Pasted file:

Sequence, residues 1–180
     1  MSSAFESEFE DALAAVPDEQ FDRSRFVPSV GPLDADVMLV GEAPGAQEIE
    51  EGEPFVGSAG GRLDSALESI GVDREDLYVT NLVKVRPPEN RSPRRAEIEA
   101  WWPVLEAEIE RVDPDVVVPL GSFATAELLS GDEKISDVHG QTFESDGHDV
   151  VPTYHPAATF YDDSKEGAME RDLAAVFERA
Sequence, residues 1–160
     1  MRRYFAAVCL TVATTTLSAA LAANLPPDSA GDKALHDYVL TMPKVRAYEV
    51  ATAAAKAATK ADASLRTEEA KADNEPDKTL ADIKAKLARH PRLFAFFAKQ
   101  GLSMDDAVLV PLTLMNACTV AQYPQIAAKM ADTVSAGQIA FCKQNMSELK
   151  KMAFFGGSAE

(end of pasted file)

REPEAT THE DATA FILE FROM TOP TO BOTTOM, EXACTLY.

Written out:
Sequence, residues 1–180
     1  MSSAFESEFE DALAAVPDEQ FDRSRFVPSV GPLDADVMLV GEAPGAQEIE
    51  EGEPFVGSAG GRLDSALESI GVDREDLYVT NLVKVRPPEN RSPRRAEIEA
   101  WWPVLEAEIE RVDPDVVVPL GSFATAELLS GDEKISDVHG QTFESDGHDV
   151  VPTYHPAATF YDDSKEGAME RDLAAVFERA
Sequence, residues 1–160
     1  MRRYFAAVCL TVATTTLSAA LAANLPPDSA GDKALHDYVL TMPKVRAYEV
    51  ATAAAKAATK ADASLRTEEA KADNEPDKTL ADIKAKLARH PRLFAFFAKQ
   101  GLSMDDAVLV PLTLMNACTV AQYPQIAAKM ADTVSAGQIA FCKQNMSELK
   151  KMAFFGGSAE